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Unformatted text preview: Ways of Studying Ways of Studying Religion The Academic Study of Religion
The Academic Study of Religion
Assumptions One religion is neither better nor worse than
another religion; they are simply different
There are core similarities that are shared by all
There are differences between, within and
among all religions
Religion is a powerful influence on a person’s
approach and response to life experiences
All individuals have the right to be respected for
their religious heritage
Not all people are religious – they too have the
right to be respected
right The Academic study of religion
The Academic study of religion “is a secondary activity that attempts to discover, describe, and explain the primary expressions of the religious life of a community…” “requires the use of many disciplines and methods…” Theology
Theology “words about [study of] God”
Generally done from within a [theistic] religious tradition (e.g. Christian theology)
To describe and transmit the teachings of a particular religious tradition or community Discuss: difference between studying religion in church vs. in the classroom
But religion is more than just thinking about God Literary Criticism
Literary Criticism Asks questions regarding sacred texts
– Who is the author?
When was this text composed?
Where was it written and to what audience?
What was the author’s reason for writing this?
What type of literature is used?
How has this text been received, edited, interpreted? But religion is more than just what is contained in a sacred text History of Religion
History of Religion
click link to see 5000 years of religion play out in 90 seconds Historians seek to find out “what really happened” – the facts about a given religion Explores how social, economic, cultural or environmental factors may have influenced a religion’s:
– Beginnings, development, spread Using “tools” such as: – Archaeology, geography, demography, population statistics The Anthropological Study of The Anthropological Study of Religion “words about human beings” and human societies… as both creators and creations of cultures Religion, as a part of human culture, is thus studied by anthropologists as a “powerful factor in any culture” Edward B. Tylor (1832 – 1917) Sociology of Religion
Sociology of Religion
“words about social behavior” Generally concerned with the life of
modern , developed, literate societies (in contrast to anthropology) Explores the social origins and function of religion in human society The sociologist studies “the way religion interacts with other dimensions of our social experience” – How human social life changes religion
– How religion transforms human social behavior Max Weber (18641920)
But religion is more than just a fact of social life Psychology of Religion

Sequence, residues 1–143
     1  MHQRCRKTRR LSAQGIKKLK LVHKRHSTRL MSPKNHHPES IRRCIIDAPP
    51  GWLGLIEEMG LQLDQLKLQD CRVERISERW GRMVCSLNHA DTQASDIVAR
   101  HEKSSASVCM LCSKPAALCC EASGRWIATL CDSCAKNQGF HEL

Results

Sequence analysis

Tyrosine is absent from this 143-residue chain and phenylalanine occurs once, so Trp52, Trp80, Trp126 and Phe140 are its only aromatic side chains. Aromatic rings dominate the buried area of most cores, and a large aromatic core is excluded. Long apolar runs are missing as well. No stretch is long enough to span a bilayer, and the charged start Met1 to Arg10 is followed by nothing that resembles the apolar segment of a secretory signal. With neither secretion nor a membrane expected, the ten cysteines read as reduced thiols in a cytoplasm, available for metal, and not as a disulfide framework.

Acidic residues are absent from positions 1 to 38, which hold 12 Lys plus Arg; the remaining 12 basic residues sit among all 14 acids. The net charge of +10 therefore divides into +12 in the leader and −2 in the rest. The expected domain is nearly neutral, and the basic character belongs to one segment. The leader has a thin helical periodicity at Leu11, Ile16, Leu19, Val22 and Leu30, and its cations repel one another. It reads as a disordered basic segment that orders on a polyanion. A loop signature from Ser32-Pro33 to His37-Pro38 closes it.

Psychology of Religion “words about the psyche [mind]”
The psychologist explores the psychological dimensions of religious phenomena
William James (18421910)
Sigmund Freud (18561939) – “religion is an infantile dependency, a neurosis” Carl Jung (18751961) – religion is a projection of “archetypes of the unconscious” But religion is more than just a fact of psychic life Philosophy of Religion
Philosophy of Religion “Love of wisdom”
Philosophers of religion reflect on the logic, meaning and truth value of religious stories and beliefs
Analyzing religious language
Thomas Aquinas (12251274) (theologian)
Immanuel Kant (17241804) But religion is more than just ideas to be analyzed and often goes beyond the limits of logic Phenomenology
Phenomenology “words about phenomena” – that which appears Concerned only with description Goal: to portray religion in its own terms rather than reduce or explain it in terms of some other discipline Edmund Husserl (18591938) Mircea Eliade (historian of religion) The Phenomenologist
The Phenomenologist suspends judgment, does not seek to explain (as do the other disciplines) must remain detached and impartial to avoid explaining, interpreting or judging what he or she studies remains skeptical of explanatory theories that claim to completely account for the complex origins or nature of religion itself, or of any religious tradition The relationship between the disciplines
Each discipline studies religion from a limited perspective Anthropology
Sociology Phenomenology studies the whole, as it is “insiders” vs. “Outsiders” Hermeneutics: how we “interpret”
The “inside” believer and the “outside” observer understanding of religion will differ
Either may be a partial, distorted or even wrong understanding
These different scholarly disciplines are not mutually exclusive; they may be complementary – each providing insight to both “insiders” and “outsiders” What can the academic study of religion do for you? If religion were a house…
If religion were a house…
Are you an “insider”
(a committed believer)
or an “outsider”? One has to be outside the house to see it as a whole to see the big picture The one who lives inside the house (the committed believer) will know all the nooks and crannies the details up close How might your position affect your study of religion? Review Questions
Review Questions Who studies God?
Who studies sacred texts?
• The historian
Who studies the facts within the larger context of history?
•The literary critic
Who studies religion as a part of human culture?
Who studies the way religion interacts with other dimensions of our social •The philosopher
Who explores the psychological dimensions of religious phenomena
Who reflects on the logic, meaning and truth value of religious stories •The theologian
Who merely describes, without trying to explain, interpret, or judge religion? Which discipline might appeal most to you? (why?) ...
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